Teens: King’s our role model

King had a dream, but he wasn’t a dreamer, a speaker said.



YOUNGSTOWN — For Rukiya Fleming, a first step toward achieving significant social change is to view Dr. Martin Luther King Jr. and other prominent figures as human, not superhuman.

“Ordinary people can do extraordinary things,” the Chaney High School senior said.

King also is a role model to 16-year-old East High School junior Kyonia Johnson, who will take part in an effort later this month at her school to register other students to vote.

“I want the younger people to know Martin Luther King would want them to fight and follow their dreams,” she said.

Rukiya and Kyonia were among students who attended Monday’s 25th annual community workshop, titled “A Spiritual Journey: The Road to Peace and Freedom,” at First Presbyterian Church of Youngstown, 201 Wick Ave.

The three-hour program, sponsored by the Martin Luther King Planning Committee of Mahoning County, was set up to honor the life and legacy of the civil rights leader. It focused largely on young people and featured a panel group that discussed several current issues related to social justice and empowering young people, as well as a march.

This generation will be instrumental in seeing King’s legacy come closer to fulfillment, predicted Jasamine Driskell, 18, who’s also a Chaney senior. Many people in their teens and 20s are trying to establish or cultivate value systems in accordance to King’s own, she noted.

It was mostly young people — including King himself — who organized the civil rights movement in the 1950s and ‘60s, noted the Rev. Orlando Chaffee, the event’s keynote speaker. King’s activism and theology were shaped mainly by his roots in the Baptist church as well as by injustices he saw occurring to many blacks in the South, said the Rev. Mr. Chaffee, district superintendent of United Methodist , Mahoning Valley District.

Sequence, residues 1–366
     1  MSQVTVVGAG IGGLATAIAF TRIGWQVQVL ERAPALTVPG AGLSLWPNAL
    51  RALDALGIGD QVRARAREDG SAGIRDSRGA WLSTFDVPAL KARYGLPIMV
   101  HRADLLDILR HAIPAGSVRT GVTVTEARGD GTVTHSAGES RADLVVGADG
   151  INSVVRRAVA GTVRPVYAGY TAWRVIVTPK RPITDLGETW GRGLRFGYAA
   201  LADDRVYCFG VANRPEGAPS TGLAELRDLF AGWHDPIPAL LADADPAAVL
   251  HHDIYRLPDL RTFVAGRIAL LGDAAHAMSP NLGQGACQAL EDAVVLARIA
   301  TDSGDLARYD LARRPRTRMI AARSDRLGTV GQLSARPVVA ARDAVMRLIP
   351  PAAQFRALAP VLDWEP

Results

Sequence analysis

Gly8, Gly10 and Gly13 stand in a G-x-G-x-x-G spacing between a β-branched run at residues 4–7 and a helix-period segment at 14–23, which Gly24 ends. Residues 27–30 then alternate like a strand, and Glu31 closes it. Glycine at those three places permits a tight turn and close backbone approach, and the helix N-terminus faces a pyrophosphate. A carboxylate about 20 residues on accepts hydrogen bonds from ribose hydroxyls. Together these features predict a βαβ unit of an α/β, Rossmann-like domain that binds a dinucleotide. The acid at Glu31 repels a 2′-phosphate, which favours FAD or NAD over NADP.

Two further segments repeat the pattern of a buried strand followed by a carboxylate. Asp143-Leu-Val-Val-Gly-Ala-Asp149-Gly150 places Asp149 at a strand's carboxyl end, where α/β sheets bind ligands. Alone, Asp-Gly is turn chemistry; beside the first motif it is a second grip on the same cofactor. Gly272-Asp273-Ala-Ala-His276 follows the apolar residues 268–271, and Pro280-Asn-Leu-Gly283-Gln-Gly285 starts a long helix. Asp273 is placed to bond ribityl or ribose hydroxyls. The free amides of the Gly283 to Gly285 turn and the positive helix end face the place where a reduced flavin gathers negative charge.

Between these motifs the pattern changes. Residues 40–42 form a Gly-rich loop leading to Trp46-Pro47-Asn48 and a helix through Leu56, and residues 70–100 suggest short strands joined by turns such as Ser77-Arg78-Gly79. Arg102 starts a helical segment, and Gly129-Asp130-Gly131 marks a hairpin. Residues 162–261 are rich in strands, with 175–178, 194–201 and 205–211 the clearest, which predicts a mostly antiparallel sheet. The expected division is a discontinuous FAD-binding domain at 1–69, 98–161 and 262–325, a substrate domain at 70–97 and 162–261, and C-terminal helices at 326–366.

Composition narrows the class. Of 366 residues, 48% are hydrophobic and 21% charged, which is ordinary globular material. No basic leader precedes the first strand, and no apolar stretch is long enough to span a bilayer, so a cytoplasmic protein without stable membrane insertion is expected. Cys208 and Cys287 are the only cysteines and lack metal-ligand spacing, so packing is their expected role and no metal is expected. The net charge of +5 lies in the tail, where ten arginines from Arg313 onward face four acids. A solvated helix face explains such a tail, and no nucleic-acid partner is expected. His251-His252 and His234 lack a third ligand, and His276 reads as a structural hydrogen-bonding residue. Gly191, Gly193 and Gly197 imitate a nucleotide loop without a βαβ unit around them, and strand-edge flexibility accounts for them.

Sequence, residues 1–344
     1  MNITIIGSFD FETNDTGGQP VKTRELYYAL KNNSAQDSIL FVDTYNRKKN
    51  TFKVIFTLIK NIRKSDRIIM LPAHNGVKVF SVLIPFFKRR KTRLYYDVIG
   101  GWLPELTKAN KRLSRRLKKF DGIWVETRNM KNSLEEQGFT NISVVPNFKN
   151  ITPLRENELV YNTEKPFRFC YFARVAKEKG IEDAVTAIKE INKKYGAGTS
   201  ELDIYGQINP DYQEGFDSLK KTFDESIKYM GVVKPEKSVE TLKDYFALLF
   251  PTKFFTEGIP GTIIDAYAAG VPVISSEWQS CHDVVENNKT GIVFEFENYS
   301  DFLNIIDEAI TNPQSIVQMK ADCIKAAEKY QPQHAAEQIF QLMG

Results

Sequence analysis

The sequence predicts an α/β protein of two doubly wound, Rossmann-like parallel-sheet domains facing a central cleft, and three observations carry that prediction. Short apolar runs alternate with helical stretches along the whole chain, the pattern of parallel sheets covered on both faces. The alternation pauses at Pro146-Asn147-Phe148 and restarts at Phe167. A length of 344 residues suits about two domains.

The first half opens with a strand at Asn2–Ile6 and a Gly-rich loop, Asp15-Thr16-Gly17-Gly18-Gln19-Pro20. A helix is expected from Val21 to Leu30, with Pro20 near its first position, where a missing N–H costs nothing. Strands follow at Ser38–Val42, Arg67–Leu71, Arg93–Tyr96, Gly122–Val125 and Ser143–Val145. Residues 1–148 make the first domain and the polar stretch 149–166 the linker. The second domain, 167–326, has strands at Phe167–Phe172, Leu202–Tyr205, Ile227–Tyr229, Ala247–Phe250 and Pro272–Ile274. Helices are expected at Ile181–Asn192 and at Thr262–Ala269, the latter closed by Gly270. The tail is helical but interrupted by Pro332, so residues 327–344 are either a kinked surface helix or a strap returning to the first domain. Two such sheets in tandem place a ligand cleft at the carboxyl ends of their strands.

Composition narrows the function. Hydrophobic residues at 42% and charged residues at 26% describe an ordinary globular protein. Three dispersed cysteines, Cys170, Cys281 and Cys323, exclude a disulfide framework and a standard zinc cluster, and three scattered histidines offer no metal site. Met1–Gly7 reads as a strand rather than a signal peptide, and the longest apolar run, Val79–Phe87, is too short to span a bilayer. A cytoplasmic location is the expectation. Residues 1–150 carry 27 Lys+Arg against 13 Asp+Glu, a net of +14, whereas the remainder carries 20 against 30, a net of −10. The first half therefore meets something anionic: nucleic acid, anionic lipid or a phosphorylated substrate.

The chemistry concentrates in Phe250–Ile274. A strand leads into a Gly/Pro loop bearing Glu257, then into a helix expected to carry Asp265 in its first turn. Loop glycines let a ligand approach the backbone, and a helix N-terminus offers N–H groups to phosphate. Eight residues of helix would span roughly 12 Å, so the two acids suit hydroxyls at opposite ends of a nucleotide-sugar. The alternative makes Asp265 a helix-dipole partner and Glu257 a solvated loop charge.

“Martin Luther King made history, but history made Martin Luther King,” he added.

Mr. Chaffee said that King “had a dream, but was not a dreamer.” Those who have a vision for social change need to know that it requires tremendous responsibility, and they should expect disappointment and obstacles while making sacrifices to achieve it, he continued.

Mr. Chaffee cited as an example King’s trying but failing in 1964 to persuade President Lyndon Johnson to pass a voting rights act; the president didn’t feel it was the right time for such legislation, he said.

So King helped organize the famous 50-mile march from Selma, Ala., to Montgomery, which contributed to the passage of the Voting Rights Act of 1965, Mr. Chaffee pointed out.

About 10 years earlier, he continued, King required anyone wishing to become a member of Dexter Avenue Baptist Church in Montgomery to be a registered voter. King was a minister there in the 1950s.

Much progress has been made since King’s day, but many issues he spoke about more than 40 years ago still need to be addressed more thoroughly, Mr. Chaffee said. They include having universal health care, establishing an education system to help all pupils reach their full potential, correcting injustices within the justice system, building more self-sufficient neighborhoods and focusing more on community policing, he noted.

Making up the discussion panel were Jimma McWilson, president and chief executive officer of the Family Empowerment Student Achievement Institute; Marva Griffin, hearing officer with the Mahoning County Juvenile Court; Atty. Yulanda McCarty-Harris, director of Youngstown State University’s Equal Opportunity and Diversity office; Thomas Conley, president and CEO of the Greater Warren/Youngstown Urban League; Atty. Bonnie Deutsch Burdman, director of the Jewish Community Relations Council; and Keith Logan, a YSU graduate student.

Many in the group pointed to receiving a good education, going to the polls to vote, organizing and getting involved in the community as ways to empower young people. Parents also must be more proactive and interested in the schools their children attend, some said.

After the panel discussion was a march from the church to the school administration building and back. The march was led by the East High School Marching Band. The outdoor event was a throwback to the civil rights marches in the 1960s and was set up in part to give participants a sense of what it was like to call attention to the need for social change.